Chinese Luxury Car Buyers Shop The Very Unglamorous Gray Market

Here at Consumerist, we’re fascinated with the global gray market: the system of parallel imports that gives us Omega watches from Paraguay at Costco and a pirate Trader Joe’s store in Canada. There are even bigger things that trade on the gray market, though: in Shanghai, there’s a place where luxury car buyers can save money by purchasing cars that haven’t been imported through official channels.

Shoppers looking for a great deal on a BMW or Mercedes can head to the Free Trade Zone in Shanghai, where they can find what can best be described as a “car store” that lacks any of the amenities that we normally associate with car dealerships, especially for luxury brands. The Wall Street Journal explains that the dealerships lack amenities like fancy seating and free snacks and beverages that you might expect in a high-end dealership. The advantage, which many buyers find too good to resist, is that they can save about 20% on the normal price of imported cars in China.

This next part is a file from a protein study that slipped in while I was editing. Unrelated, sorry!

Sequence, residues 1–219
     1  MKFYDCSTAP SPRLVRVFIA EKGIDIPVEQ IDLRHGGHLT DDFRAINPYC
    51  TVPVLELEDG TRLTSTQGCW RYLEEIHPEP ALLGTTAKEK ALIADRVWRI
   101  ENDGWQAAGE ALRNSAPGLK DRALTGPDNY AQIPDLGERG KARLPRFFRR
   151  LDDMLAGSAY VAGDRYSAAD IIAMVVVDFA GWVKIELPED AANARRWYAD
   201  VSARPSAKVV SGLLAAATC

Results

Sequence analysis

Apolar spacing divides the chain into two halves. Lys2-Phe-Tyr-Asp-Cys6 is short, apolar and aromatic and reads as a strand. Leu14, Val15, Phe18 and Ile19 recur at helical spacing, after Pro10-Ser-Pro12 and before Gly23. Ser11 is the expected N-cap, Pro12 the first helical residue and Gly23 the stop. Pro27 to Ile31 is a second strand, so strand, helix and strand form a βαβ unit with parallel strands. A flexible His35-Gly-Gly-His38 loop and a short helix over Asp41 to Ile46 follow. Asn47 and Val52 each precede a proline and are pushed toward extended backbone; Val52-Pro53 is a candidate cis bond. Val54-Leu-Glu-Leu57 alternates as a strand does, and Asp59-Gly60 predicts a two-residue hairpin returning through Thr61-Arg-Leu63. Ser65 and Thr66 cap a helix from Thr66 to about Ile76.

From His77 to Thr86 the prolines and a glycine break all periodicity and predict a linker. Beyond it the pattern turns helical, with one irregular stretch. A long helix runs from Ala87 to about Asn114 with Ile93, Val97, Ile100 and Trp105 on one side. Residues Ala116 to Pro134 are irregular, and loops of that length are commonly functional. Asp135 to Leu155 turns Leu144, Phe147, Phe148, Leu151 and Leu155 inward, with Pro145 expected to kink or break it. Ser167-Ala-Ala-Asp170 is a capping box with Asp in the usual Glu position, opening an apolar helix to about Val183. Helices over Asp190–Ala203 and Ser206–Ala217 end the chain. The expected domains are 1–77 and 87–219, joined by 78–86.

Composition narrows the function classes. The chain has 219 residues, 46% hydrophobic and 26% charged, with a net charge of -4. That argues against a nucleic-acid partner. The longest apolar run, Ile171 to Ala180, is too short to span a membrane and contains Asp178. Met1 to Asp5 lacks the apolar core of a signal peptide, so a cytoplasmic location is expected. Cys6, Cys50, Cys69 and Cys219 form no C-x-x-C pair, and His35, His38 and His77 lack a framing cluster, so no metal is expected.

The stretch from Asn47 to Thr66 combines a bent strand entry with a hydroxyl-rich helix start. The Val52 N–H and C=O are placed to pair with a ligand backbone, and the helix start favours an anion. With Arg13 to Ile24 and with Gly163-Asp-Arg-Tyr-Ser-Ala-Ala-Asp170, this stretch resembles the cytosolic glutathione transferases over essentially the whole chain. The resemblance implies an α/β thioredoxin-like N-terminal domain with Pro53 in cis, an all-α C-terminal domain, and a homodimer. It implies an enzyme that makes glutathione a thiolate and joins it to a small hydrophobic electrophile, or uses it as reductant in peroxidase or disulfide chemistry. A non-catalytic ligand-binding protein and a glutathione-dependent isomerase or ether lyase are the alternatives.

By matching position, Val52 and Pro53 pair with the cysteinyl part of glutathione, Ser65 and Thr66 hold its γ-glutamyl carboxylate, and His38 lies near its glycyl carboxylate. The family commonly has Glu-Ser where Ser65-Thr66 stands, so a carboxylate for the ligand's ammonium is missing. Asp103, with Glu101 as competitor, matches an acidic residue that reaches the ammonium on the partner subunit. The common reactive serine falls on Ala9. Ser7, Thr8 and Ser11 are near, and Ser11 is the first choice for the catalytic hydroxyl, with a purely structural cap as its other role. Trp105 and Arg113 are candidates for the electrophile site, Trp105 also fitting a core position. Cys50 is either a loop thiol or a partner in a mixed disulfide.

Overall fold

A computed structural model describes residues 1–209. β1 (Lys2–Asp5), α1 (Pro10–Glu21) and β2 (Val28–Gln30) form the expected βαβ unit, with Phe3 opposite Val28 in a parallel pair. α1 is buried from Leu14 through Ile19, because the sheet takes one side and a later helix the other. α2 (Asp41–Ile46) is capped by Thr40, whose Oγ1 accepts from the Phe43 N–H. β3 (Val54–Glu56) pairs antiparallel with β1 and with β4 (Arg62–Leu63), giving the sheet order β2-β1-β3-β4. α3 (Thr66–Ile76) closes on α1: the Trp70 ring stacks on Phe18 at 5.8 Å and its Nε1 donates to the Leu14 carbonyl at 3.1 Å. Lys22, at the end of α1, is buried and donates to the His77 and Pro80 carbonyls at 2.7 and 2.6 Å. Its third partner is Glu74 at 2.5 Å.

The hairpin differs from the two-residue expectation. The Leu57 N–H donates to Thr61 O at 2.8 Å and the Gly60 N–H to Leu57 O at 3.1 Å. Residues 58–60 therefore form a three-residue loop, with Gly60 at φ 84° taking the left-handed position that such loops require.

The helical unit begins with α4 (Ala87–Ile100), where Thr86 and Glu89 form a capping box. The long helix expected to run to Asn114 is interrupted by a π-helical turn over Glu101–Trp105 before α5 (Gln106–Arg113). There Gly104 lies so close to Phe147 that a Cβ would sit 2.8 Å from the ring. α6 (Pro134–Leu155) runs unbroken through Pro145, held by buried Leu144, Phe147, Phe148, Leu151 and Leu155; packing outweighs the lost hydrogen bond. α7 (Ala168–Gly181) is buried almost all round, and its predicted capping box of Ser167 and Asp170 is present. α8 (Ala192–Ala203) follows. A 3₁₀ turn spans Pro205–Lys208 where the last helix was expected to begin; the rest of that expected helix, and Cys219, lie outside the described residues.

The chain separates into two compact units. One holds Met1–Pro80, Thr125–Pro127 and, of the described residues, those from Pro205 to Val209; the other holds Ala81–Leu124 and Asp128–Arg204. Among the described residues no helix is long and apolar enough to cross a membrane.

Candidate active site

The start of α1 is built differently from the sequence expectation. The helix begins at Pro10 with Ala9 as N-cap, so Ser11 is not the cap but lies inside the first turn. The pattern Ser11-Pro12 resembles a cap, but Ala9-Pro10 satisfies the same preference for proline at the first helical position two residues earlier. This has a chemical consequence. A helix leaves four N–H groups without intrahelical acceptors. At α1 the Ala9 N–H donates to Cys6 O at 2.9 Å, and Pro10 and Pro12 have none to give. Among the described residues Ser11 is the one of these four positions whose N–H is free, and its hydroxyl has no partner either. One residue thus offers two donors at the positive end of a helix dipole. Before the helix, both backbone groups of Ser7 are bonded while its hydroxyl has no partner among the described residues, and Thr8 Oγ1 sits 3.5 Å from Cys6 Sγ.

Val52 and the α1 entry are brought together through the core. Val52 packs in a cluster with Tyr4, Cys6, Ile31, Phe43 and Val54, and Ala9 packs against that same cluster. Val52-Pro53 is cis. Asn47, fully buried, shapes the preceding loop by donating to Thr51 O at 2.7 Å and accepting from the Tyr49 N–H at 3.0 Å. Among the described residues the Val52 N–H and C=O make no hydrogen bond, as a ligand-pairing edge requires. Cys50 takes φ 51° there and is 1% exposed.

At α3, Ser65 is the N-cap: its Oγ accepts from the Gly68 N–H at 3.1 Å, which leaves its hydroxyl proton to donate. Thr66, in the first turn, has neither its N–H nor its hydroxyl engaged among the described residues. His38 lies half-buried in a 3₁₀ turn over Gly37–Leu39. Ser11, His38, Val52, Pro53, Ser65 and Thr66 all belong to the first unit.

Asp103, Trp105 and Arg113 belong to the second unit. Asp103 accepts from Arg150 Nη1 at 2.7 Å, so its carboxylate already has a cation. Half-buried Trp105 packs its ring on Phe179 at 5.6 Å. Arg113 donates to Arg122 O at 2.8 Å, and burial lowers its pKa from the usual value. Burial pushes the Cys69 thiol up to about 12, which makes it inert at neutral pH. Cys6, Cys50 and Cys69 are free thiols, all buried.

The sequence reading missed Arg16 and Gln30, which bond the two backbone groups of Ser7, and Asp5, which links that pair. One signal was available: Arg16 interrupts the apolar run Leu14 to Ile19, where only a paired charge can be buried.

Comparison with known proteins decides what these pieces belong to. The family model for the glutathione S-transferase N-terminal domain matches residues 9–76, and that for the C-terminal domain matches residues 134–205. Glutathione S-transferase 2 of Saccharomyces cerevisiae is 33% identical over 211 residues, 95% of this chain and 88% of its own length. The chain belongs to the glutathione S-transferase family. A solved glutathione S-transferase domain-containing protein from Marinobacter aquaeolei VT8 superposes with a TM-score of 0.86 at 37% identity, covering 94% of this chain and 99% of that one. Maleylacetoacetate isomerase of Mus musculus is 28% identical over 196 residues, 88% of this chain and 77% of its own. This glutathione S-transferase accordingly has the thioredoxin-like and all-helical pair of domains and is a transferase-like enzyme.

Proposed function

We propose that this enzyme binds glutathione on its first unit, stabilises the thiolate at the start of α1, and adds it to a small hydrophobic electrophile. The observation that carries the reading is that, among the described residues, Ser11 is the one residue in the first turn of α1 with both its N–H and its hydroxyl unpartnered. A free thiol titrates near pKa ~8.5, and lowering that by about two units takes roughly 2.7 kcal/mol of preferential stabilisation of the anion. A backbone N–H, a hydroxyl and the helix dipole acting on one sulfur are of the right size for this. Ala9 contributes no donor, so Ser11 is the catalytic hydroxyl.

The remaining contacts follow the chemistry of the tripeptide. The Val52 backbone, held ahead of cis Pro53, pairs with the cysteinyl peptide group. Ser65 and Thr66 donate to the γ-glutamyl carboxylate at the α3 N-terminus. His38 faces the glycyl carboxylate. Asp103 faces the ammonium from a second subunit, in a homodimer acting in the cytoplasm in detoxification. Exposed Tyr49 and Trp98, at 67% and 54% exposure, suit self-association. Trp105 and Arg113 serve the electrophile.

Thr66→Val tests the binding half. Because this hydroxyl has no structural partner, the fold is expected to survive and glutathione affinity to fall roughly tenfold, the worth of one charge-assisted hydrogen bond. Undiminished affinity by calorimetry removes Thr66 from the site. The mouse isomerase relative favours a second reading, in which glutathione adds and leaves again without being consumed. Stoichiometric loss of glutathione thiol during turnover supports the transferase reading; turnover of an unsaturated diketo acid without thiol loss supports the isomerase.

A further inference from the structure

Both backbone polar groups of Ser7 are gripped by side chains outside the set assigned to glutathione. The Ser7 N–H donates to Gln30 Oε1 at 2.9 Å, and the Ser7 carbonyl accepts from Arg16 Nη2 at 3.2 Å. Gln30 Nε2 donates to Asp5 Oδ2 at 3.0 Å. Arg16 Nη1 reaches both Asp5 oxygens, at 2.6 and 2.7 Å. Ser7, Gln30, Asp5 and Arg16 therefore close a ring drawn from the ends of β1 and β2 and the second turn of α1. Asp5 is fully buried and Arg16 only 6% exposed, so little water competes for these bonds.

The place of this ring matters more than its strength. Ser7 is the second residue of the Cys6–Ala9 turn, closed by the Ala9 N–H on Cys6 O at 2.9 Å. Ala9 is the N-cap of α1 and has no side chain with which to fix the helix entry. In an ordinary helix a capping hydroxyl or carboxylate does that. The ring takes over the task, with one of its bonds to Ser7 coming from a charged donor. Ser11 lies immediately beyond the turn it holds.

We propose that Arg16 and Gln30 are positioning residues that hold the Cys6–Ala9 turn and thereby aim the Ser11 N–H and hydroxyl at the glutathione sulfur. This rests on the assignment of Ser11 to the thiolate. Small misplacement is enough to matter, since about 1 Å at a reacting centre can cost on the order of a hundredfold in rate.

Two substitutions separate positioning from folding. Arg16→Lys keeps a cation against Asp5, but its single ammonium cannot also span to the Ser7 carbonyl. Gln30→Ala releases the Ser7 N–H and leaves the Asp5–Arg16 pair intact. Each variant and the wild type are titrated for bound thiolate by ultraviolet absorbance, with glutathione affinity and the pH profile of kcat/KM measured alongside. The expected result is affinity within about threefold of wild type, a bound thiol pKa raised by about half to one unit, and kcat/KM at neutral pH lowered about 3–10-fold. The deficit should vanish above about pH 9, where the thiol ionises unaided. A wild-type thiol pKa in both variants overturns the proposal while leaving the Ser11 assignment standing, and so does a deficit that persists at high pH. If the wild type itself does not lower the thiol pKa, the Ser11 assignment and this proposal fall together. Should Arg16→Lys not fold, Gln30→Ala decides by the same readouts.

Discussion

The two-month-old Waigaoqiao Automobile Exchange Market also lacks sales staff who know the merchandise as well as the employees of a normal dealership might. That makes sense, because they have to sell a wide variety of models, so they don’t have deep knowledge of any given brand. “Here we sell different brands and I must teach myself,” a salesman who used to work at a Volkswagen dealership explained.

Buyers find the conditions sparse and the staff gruff at best and rude at worst. They’re still buying, though, since they can’t resist a good deal. Eliminate haggling, and this might be the ideal car-buying environment for most Americans.

At Chinese Gray-Market Car Dealers, the Price Is Right [Wall Street Journal]